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By Brian Lafferty


September 24, 2012 (San Diego) – On one of my many college days spent in the South Wing of Cal State, Fullerton's Pollak library, I came across Timothy Leary's book The Politics of Ecstasy.  It was a fascinating read unlike any nonfiction I previously encountered before then.  It was a collection of the disgraced Harvard professor’s essays and lectures on the psychedelic drug LSD.  In the chunk that I read, he defends the drug, and cites research and studies that he claims demonstrate its benefits on its people’s minds, lifestyle, and ways of thinking.  He argues that as long as you know what you’re doing, or better yet, if you have a “guided trip” with someone experienced in LSD use, it’s not only safe, but beneficial.


I had two contradictory reactions to his ideas: 1) I knew he was full of crap, but 2) his arguments appear so valid and they sound so truthful, logical, compelling, and right that for some split-second unguarded moments, I took them seriously before my sense of right and wrong brought me back to reality.  Richard Nixon didn’t exaggerate when he labeled Leary “The Most Dangerous Man in America;” The Politics of Ecstasy, if put in the hands of a young, impressionable teenager, would fill his head with bad ideas. 


I had the exact same paradoxical reaction to Lancaster Dodd (Philip Seymour Hoffman), the enigmatic leader of The Cause in Paul Thomas Anderson’s newest film The Master.  Like Timothy Leary, everything Dodd says is bull manure.  Any rational human being wouldn't allow himself to buy into his ideas.  Yet, Dodd is charismatic, and his magnetic presence is hard to overcome.  Everything he says is crap, but he sounds so right. 


But then Freddie Quell (Joaquin Phoenix) isn’t a rational human being.  Quell is a shaken World War II Naval veteran and drifter who goes from failed job to failed job.  In a drunken stupor, he stumbles onto a cruise ship and passes out.  There he meets Dodd, the enigmatic leader of an emerging religious movement he invented called The Cause.  Freddie joins The Cause, but the directions Dodd takes it makes him question it, and he soon becomes disillusioned.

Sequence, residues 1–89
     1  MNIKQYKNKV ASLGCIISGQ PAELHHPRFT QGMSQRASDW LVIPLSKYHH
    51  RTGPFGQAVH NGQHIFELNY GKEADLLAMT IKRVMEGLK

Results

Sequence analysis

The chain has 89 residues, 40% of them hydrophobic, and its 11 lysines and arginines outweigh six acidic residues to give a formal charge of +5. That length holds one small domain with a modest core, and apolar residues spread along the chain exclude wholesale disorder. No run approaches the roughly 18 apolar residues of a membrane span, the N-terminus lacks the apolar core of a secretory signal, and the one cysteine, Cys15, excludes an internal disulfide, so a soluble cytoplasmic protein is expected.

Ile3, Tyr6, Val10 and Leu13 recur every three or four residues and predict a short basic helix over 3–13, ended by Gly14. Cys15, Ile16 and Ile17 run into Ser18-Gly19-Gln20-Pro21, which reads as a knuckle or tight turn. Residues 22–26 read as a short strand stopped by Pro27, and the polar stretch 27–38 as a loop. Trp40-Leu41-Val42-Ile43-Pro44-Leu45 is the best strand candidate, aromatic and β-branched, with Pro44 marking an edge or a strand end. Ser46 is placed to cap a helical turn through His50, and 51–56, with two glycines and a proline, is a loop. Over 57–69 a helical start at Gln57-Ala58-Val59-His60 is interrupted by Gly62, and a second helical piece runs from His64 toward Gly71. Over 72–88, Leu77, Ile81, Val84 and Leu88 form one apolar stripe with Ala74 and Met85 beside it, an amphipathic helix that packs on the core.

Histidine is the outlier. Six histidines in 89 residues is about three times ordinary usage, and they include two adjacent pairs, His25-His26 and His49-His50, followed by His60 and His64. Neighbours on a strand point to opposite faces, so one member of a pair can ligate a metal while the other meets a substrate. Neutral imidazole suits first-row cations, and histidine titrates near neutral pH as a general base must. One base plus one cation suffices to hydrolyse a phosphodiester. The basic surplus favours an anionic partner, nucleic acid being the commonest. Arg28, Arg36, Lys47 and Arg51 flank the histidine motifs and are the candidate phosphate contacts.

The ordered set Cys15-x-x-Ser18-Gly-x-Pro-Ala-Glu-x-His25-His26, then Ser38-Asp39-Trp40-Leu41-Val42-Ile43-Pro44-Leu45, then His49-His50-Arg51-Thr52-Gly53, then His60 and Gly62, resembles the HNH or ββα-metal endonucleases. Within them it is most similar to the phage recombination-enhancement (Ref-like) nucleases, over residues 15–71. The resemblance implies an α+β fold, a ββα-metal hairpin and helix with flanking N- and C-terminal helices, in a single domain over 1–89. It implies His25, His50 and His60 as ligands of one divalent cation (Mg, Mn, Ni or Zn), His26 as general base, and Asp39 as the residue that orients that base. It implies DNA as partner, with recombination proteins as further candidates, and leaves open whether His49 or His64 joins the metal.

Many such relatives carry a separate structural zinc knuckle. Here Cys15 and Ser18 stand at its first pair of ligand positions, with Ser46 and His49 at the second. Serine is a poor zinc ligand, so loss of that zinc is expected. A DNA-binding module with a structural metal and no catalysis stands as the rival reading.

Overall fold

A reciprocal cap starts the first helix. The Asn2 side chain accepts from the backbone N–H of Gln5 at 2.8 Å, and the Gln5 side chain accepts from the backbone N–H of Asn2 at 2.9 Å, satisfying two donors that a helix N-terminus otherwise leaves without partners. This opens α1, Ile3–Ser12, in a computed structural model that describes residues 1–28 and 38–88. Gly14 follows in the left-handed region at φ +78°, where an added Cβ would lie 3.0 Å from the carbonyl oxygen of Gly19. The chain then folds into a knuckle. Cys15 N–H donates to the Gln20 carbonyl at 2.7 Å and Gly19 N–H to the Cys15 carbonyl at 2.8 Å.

Phoenix is back in fine form after he and brother-in-law Casey Affleck perpetrated an elaborate hoax that culminated two years ago with the now pretty-much-forgotten I’m Still Here.  It’s nice to see Phoenix takes his craft seriously.  As Quell, his voice emits a subtext that details his frazzled mind and his struggles to stay sane.  To the casual observer, he underacts, but the incisive viewer will notice how his eyes, face, and delivery of his dialogue strongly and clearly communicate his emotions and state of mind.  His performance is the type that comes straight from the heart as opposed to from the mind.


Anderson continues his tradition of filming at least one or two Jean Renoir-style long takes, although none of them here are as eye-grabbing as some of the long takes in Boogie Nights.  Despite the loads of close-ups, the actors’ emotionally-driven performances and Anderson’s balanced compositions hooked me.  The Processing scene illustrates.  In it, Dodd asks Quell a series of questions.  He passes the first part easily.  The second is tougher; the questions get even more personal, but he cannot blink at all.  Doing so results in "infringement,” which means he has to start all over.  Filmed in several long stationary takes at a time, it's easy to see Quell struggling physically with trying to keep his eyes open and mentally trying to keep his cool trying to answer these uncomfortably intimate questions.  I reacted not unlike the “possum scene” in Headhunters, which also required the character not to blink, albeit under much different circumstances.


Paul Thomas Anderson is the type of director you wish would make more movies.  His output is so few that his films’ release dates feel like a holiday.  But as much as I wish he'd be maybe a little more prolific, maybe the flip side is a higher chance of seeing a film of platinum quality, like The Master.




A Weinstein Company release.  Director:  Paul Thomas Anderson.  Screenplay:  Paul Thomas Anderson.  Original Music:  Jonny Greenwood.  Cinematography:  Mihai Malaimare Jr.  Cast:  Joaquin Phoenix, Philip Seymour Hoffman, Amy Adams, Laura Dern, and Jesse Plemons.  Running time:  137 minutes.  Rated R.


Brian Lafferty welcomes letters at brian@eastcountymagazine.org.  You can also follow him on Twitter:  @BrianLaff.

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